5:30 PM – Closing Reception
Sidney Frank Building


TRAVEL AND LODGING

Brown University is located in Providence, Rhode Island, United States. The Providence airport (PVD) is served by several international carriers and has some direct routes to Europe and Asia. Travelers may also choose to fly directly into Boston Logan airport (BOS), approximately 50 miles north of Providence. For information on various ground transportation options from Boston Logan airport, please visit the following website: http://www.goprovidence.com/subSites/AASCU/logan.html

We have arranged for room blocks at the following three hotels. All options are within walking distance of the conference sites, but we are arranging for shuttle buses, which will make a limited number of runs from the hotels to the main meeting site (Pembroke Hall).

Marriott Providence
1 Orms Street
$129/night
To register online, click
here. At that page, please confirm that the conference code chcchca appears in the “Group Code” box in the lower right-hand corner. To register by phone call 1-866-807-2171 and mention CHCI or the code chcchca.

Renaissance Providence
5 Avenue of the Arts
$129/night
To register online, click
here. At that page, please confirm that the code bchbcha appears in the “Group Code” box in the lower right-hand corner. To register by phone call 1-800-468-3571 and mention CHCI or the code bchbcha.


THE COGUT CENTER FOR THE HUMANITIES AT BROWN UNIVERSITY

Named for Craig and Deborah Cogut in recognition of their generous support, the Cogut Center for the Humanities was originally launched in the fall of 2003 as the Brown Humanities Center to support collaborative research among scholars in the humanities. Long before the center’s founding, scholars in the humanities at Brown began to challenge and redefine the foundational categories of the humanities in the largest sense, asking what it means to be human. Over the years, they have built new concepts at the interstices of the old disciplines and across the boundaries of national cultures. Scholars of the ancient, medieval, and early modern worlds are still recovering ways of thinking that give us new concepts with which to imagine and conduct research. Others working on modern and contemporary cultures – on the language, literature and culture of the post-colony or the complex and often self-contradictory messages with which new media bombard us – continue to change the horizons of the humanities. In this respect, humanities scholars at Brown have long been working toward a common goal.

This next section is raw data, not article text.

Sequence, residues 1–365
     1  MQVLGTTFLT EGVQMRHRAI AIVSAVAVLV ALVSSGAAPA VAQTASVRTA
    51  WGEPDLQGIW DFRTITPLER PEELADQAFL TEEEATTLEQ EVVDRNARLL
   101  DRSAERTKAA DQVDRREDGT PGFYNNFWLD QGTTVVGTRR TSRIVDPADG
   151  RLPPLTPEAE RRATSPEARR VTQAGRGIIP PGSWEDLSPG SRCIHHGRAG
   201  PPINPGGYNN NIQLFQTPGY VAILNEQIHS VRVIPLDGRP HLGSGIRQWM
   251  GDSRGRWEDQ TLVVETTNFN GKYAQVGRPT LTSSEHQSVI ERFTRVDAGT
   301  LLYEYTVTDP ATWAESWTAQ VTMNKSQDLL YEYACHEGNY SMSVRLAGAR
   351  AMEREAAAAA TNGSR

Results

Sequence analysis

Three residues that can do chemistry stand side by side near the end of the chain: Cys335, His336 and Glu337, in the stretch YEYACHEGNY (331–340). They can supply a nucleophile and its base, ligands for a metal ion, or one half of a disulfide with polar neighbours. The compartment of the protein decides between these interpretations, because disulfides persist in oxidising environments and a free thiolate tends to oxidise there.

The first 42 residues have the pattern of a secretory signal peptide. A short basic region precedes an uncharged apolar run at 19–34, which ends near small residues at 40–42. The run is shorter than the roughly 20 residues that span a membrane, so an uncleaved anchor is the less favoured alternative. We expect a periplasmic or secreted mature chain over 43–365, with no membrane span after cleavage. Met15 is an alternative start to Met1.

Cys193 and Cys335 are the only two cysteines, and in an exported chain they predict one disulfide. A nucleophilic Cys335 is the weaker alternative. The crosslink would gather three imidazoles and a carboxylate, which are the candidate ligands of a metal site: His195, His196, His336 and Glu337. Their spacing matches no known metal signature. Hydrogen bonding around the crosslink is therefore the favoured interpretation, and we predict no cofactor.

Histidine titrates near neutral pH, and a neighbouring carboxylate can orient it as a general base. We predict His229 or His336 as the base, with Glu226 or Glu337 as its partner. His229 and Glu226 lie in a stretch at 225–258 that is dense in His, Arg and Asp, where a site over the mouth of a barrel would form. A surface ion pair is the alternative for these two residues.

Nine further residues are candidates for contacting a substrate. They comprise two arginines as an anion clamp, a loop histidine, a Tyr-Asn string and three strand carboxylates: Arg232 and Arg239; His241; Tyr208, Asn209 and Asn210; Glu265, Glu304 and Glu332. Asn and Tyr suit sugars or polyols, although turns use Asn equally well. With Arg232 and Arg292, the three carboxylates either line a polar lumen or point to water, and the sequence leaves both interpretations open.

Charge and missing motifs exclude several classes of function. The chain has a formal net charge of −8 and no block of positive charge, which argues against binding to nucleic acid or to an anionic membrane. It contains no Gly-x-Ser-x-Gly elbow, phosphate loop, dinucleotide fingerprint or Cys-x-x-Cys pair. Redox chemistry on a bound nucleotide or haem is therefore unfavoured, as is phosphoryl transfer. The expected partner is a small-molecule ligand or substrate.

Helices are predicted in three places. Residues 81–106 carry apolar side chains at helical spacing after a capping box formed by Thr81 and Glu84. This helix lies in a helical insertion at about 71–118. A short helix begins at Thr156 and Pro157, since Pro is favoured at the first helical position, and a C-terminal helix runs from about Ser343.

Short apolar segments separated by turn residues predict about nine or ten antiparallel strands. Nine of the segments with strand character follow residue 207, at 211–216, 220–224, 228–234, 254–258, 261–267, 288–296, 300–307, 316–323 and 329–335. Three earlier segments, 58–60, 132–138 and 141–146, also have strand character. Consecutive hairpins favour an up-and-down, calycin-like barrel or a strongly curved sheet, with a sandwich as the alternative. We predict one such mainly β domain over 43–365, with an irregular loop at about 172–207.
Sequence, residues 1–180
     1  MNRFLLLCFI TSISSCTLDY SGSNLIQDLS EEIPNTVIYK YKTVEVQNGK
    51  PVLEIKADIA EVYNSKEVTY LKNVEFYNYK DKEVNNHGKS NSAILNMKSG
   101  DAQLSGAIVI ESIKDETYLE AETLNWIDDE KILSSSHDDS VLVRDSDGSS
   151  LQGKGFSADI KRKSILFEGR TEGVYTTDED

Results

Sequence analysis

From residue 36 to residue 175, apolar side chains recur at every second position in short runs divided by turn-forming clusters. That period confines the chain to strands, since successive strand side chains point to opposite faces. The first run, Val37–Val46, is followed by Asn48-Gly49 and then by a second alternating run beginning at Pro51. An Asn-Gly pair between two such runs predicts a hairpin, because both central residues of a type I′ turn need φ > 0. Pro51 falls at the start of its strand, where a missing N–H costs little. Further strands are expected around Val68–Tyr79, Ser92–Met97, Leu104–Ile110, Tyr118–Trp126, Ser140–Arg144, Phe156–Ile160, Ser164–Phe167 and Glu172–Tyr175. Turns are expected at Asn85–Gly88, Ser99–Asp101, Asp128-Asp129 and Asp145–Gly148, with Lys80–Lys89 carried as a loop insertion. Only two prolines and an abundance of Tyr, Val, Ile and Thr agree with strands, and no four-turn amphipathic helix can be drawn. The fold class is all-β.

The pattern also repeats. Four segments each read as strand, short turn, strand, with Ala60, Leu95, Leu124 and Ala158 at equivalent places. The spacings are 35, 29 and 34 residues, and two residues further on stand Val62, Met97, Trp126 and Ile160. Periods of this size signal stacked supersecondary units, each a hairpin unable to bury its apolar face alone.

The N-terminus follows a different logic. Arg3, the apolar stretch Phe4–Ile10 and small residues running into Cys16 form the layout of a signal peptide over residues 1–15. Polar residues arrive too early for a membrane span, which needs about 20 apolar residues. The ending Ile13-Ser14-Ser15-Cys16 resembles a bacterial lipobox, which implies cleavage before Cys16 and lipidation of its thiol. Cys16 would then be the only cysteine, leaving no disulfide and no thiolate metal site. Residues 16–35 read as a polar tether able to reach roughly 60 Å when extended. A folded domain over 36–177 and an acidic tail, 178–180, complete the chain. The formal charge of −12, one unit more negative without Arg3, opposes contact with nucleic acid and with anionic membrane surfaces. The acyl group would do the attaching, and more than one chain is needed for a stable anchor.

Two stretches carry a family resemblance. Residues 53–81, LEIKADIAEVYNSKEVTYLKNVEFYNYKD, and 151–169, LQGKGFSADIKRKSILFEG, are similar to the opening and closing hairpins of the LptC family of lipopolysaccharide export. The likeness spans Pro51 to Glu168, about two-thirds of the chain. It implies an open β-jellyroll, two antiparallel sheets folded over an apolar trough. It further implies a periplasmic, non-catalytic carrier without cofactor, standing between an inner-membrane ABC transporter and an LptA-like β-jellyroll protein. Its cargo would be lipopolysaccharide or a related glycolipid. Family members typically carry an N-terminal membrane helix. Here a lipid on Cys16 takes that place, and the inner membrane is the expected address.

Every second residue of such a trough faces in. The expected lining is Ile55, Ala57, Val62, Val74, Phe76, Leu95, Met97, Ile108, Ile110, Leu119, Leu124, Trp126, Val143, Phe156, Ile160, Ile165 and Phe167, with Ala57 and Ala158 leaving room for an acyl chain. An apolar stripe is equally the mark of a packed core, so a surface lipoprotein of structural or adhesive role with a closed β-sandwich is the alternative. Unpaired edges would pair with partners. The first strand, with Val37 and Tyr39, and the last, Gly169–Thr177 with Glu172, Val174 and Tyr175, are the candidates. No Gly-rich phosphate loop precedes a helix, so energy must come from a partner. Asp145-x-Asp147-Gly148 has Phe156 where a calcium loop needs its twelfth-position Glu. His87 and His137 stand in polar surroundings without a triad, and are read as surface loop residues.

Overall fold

The Cogut Center closes the gap between the interdisciplinary character of Brown University’s humanities research faculty and the tangible support for collaborative research among scholars in the humanities, moving Brown decisively ahead of its peers. The center takes full advantage of the most successful features of existing humanities centers, focusing on the connections between our cultural and linguistic past and the digital age now emerging. In view of recent geopolitical changes, the Cogut Center stresses the importance of comparative work across cultural and linguistic boundaries.